With the story du jour of the campaign centered on allegations that two campaign staffers for Scott's re-election team mocked Hispanics recently, leading to major fundraiser Mike Fernandez dropping out of the campaign, Crist pounced.
"If I were the head of the campaign on the other side, Rick Scott, and something would have happened like that in my campaign, those people would have been fired already.," the former governor said of the current one. "If Rick Scott’s aides are making fun of how Hispanics talk? That’s unconscionable. And they need to get to the bottom of it, and you need to as well," he said to the reporters recording his comments.
After Lt. Gov. Carlos Lopez-Cantera denied on Monday in a Miami Herald report
that two Scott campaign aides imitated a Mexican accent while driving to a Chipotle, the Tampa Bay Times
reported on Tuesday that an email by Fernandez described a "homogeneous" team of campaign advisers who are too scared of Scott to disagree with him, and who don't understand the culture of Hispanic voters whose support he needs to win re-election.
Even though they're denying the incident happened, the Scott re-election team and the Republican Party fought back on Monday by referring to instances they said showed Democrats were anti-Hispanic, including the fact that they had not been vocal in supporting the Venezuelan people protesting the government of Nicolas Maduro.
Crist said that both Republicans and Democrats have blasted the Maduro government, so such a criticism was an example of Team Scott "grasping at straws," adding, "they're desperate and they're in disarray and Florida deserves better."
The Scott campaign will begin airing a new television commercial beginning later this week that bashes Crist for his unfettered admiration of the Affordable Care Act, which remains on the whole unpopular in Florida, leaving Republicans to believe that bashing it is their ticket to prospering in the midterm elections. The ad makes the oft-spoken claim by Republicans that 300,000 Floridians have lost their health insurance due to the implementation of the ACA, a claim that PolitiFact rated today as "mostly false."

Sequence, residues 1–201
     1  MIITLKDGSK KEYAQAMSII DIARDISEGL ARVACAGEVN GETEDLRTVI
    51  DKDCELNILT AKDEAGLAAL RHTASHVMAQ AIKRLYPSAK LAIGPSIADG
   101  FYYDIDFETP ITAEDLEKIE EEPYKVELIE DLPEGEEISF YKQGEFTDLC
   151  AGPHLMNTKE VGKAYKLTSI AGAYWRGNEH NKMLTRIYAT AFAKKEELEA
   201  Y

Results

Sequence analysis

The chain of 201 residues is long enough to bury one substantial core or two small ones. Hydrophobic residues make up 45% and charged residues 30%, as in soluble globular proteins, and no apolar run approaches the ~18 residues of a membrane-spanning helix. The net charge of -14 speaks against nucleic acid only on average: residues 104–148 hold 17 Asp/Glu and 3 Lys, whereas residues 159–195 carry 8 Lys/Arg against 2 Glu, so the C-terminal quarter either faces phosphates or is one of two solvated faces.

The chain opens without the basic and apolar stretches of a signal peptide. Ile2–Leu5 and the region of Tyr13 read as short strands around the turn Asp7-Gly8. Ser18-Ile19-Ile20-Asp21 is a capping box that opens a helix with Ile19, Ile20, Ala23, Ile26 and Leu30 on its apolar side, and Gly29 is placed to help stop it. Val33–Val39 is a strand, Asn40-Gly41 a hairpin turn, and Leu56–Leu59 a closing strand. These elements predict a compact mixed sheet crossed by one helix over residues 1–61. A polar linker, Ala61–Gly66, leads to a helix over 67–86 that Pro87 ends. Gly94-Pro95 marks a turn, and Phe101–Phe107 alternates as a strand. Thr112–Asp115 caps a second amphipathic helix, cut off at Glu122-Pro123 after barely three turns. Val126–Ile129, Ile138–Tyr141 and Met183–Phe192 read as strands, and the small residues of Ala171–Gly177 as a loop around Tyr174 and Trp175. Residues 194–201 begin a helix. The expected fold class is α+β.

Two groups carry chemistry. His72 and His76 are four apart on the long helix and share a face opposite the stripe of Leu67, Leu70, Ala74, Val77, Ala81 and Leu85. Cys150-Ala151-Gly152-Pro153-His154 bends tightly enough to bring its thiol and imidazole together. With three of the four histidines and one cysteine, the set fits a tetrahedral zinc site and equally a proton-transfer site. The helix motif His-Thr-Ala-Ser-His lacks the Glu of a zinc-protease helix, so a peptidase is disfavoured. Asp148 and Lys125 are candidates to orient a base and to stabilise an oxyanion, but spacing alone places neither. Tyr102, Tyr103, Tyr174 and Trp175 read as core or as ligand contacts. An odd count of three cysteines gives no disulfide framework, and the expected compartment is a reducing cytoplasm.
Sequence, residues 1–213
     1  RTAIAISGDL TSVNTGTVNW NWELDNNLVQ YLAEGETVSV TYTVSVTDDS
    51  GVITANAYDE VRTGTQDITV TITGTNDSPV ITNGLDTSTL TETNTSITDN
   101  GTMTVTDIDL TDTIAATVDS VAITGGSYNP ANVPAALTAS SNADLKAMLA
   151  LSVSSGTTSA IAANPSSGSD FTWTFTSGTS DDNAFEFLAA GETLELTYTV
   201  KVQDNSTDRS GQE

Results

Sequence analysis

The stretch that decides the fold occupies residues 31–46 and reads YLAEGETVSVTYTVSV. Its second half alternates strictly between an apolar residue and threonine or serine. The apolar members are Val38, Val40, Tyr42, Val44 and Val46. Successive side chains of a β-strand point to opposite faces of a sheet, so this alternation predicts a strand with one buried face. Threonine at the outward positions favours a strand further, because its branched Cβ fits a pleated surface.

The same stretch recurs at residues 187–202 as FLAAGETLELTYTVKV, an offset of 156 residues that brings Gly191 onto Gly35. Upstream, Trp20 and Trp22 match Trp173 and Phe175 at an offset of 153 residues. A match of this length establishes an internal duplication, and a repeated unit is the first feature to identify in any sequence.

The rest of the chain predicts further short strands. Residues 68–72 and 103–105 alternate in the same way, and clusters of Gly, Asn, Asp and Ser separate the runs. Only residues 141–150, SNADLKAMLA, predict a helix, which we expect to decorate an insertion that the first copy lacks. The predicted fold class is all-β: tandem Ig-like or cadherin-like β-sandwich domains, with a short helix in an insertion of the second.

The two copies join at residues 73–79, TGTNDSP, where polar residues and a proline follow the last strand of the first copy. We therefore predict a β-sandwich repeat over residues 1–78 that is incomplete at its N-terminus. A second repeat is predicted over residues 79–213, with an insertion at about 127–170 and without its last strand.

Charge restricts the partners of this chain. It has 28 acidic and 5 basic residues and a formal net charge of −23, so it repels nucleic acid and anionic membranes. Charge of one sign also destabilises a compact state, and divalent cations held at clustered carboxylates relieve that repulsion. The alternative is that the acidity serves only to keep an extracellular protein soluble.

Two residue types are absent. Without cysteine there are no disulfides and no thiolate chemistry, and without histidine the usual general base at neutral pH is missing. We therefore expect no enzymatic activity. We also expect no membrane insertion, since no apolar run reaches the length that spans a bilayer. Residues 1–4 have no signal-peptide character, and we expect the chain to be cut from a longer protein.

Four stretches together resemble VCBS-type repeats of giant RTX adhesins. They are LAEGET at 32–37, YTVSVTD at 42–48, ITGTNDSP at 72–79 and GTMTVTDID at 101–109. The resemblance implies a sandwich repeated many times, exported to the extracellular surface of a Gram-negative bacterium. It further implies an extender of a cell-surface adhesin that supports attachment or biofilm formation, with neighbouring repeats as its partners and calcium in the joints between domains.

Crist wasn't so diplomatic.
"I know Rick Scott’s ads are a bunch of lies," he said. "He’s saying that 300,000 Floridians lost their healthcare? They didn’t. Even Florida Blue said that’s just not true, the guy is off. So, we are where we are."
But Crist said the biggest scandal regarding healthcare in Florida wasn't the ACA, but Scott's refusal to lobby at all for Medicaid expansion after he declared his support for it before the 2013 legislative session. "Nearly a million of our fellow Floridians every day aren't getting healthcare by that one decision by one bad politician, and his name is Rick Scott, and we need to change that, because those people are suffering because of his ideology. That’s just not right. That’s not fair. It’s just not."
Scott's new television buy is reported to cost $2 million, something Crist admitted he can't compete with, which is why he won't be airing any television ads anytime soon. He calls the fact that Scott and his supporters intend to raise $100 million "financial bullying," but cautioned Democrats not to be worried that he's flying a bit under the radar at the moment.
"Listen, we're running against a mountain of money, but I’m not that worried about that, because people are more powerful than money."
Charlie Crist made a campaign stop in West Tampa Tuesday afternoon, where he ended up going into the kitchen of the West Tampa Sandwich Shop to hobnob and pose for photographs with the cooking staff of the venerable Armenia Street establishment, as well as gladhanding anybody and everybody who came within his field of vision. But before he did that, he met for about 10 minutes with reporters outside the restaurant, and absolutely unloaded on Rick Scott.